In Nissan's case. they have to balance their relationship with the dealers along with placement of the chargers. There is a value to having chargers in town where all the people live so arguments that local owners would never use local fast chargers is simply very wrong. Anyone who has local chargers in their area can attest to that.

Now the issue of having chargers in destination areas or outside town is a valid one but Nissan's ability to put one at a remote dealer that has 1/10th the LEAF sales of a much larger one in town is greatly hampered. They simply can t do that no matter how right the decision because they must maintain a relationship with the dealer.

So to say that deploying these chargers is an easy job because Tesla, answering to no one but themselves, has deployed what ??? a half dozen? or maybe its a dozen now? is ridiculous

Dave, I fail to see how Nissan's relationship with its dealers enters into this at all. Most of the dealers don't want the chargers, so they have no reason to complain if Nissan puts them elsewhere. It's not going to take any business from them; they want to sell cars, not electricity. Quite frankly, I think putting free chargers in at dealers when they're only going to be available during business hours is a huge mistake, and IMO it makes far more sense to locate pay chargers in better locations with 24/7 access, even though the siting costs more. I'm in full agreement with Tony that free QCs are a major error if you want to grow the infrastructure. And for heaven's sake, don't be like Blink and only put in a single charger in each location.

There's nothing other than money stopping Nissan or any/all members of the consortium from either forming a subsidiary to do this, or joining with one of the already existing networks and just paying for the units. It's a matter of choice, not feasibility. We know that the three biggest handicaps to BEV adoption are price, range and infrastructure. The range and price are more or less fixed at any given time, so adding infrastructure is about the only way to immediately enhance the real and perceived utility of BEVs (boosting sales and affecting the price/range through economies of scale). The question is which companies are smart enough to see this. We know Tesla is, Nissan has belatedly reached that conclusion, and we'll see on the SAE companies.
Guy [I have lots of experience designing/selling off-grid AE systems, some using EVs but don't own one. Local trips are by foot, bike and/or rapid transit].

The 'best' is the enemy of 'good enough'. Copper shot, not Silver bullets.

scottf200
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Re: Chevrolet to Produce Spark EV All-Electric Vehicle

Wed May 01, 2013 10:32 pm

http://insideevs.com/2014-chevy-spark-e ... -combined/

Peter Savagian
May 1, 2013 at 12:21 pm
I am the general director for Electric Drives and Electrification Systems Engineering at General Motors. I need to disabuse you of the mistaken notion that this motor has less than 400 ftlb of Torque. The Spark EV motor is designed and manufactured by GM.
This motor makes 540 Nm (402 ftlbf) of Torque at stall and out to about 2000 rpm. This is not gear- multiplied axle torque, but actual motor shaft torque.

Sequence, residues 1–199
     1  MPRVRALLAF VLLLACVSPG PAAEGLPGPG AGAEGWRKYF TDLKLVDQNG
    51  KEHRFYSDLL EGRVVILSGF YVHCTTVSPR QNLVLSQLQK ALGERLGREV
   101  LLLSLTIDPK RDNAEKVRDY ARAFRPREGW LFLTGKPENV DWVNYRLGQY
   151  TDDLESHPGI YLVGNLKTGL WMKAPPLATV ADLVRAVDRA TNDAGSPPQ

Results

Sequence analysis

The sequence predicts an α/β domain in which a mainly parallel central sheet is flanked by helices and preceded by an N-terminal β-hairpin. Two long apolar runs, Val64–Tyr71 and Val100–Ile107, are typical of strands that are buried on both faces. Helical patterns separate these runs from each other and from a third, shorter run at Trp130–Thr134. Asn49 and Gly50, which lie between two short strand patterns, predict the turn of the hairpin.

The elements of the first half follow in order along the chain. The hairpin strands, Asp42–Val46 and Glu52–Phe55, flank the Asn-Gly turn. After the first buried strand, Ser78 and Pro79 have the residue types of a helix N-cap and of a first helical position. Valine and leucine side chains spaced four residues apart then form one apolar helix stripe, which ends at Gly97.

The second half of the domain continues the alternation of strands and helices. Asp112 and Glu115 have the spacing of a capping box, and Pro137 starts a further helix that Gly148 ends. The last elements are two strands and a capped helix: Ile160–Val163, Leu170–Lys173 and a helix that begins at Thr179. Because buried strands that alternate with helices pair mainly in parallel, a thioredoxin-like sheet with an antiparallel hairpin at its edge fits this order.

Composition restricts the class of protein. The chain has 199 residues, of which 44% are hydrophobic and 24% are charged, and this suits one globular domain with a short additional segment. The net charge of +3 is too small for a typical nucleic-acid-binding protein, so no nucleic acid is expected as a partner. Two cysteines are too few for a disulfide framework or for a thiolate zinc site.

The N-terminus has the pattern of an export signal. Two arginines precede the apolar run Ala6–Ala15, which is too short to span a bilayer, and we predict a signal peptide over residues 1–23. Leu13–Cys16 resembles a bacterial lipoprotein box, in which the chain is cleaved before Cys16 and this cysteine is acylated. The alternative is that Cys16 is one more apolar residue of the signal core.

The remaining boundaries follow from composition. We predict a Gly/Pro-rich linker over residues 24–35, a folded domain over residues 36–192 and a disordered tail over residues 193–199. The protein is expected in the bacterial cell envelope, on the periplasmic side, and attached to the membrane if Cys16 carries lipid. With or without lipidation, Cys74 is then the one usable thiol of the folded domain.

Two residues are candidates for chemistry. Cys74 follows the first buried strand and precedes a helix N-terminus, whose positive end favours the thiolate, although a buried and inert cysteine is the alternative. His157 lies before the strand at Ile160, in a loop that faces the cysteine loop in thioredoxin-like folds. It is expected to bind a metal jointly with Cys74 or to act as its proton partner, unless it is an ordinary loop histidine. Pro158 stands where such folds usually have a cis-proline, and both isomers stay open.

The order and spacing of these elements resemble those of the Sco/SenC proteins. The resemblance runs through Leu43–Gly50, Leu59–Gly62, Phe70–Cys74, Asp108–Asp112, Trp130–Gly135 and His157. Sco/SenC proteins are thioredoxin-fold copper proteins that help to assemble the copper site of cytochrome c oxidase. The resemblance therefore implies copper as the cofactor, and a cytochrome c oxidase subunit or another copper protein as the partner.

The very high torque is motor performance that we are very proud of, and customers will notice the difference: (It has a gear reduction of 3.18 to 1, so the axle torque is the product of these two). This is a very low numerical reduction ratio, which has several great benefits – 1) Feels much better to drive. 3.18:1 is less than half of the reduction of all other EVs. This makes for extraordinarly low driveline inertia, less than 1/5 of the driveline inertia of the Nissan Leaf and 1/4 that of the Fiat 500 EV. Their cars feel like you are driving around in second gear all day long; ours feels like fourth gear. 2) Lower gear mesh, spinning losses, and lower high speed electromagnetic losses mean very high drive unit efficiency. The Spark EV efficiency from DC current to delivered Wheel torque is 85% averaged over the city driving schedule and 92% when averaged over the highway schedule. This is the highest in the industry, and that is one of the reasons why the Spark EV sets the benchmark for most efficient car.


Google search turned up:
Peter Savagian (suh vah’ jhin) - General Motors
http://www.sae.org/servlets/techSession ... ve+Quality
OEM Reports: The Chevrolet Spark EV 1ET35 Drive Unit - Performance, Efficiency, and Drive Quality
Pete serves as Engineering Director of GM’s Electrification Architecture and Electric Motor Release Center. For the past 12 years, in various roles, he has managed product development and advanced engineering for GM’s hybrid systems, including hybrid architecture development, electric drive component development, systems engineering, systems analysis, and control algorithm development. Pete has worked on electric vehicle systems since 1990. Prior to his current assignment, Pete was Chief Engineer for GM’s EV1 Electric Vehicle Drive Unit and Power Electronics at General Motors and at Delco Electronics. In the past, he has worked at Hughes Aircraft Company and Sundstrand Aviation in various engineering roles.
Pete holds a BS in Mechanical Engineering from the University of Wisconsin, a MS in Operations Research Engineering from the University of Southern California, and an MBA from Duke University.

Image
Last edited by scottf200 on Thu May 02, 2013 10:47 am, edited 2 times in total.
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KeiJidosha
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Re: Chevrolet to Produce Spark EV All-Electric Vehicle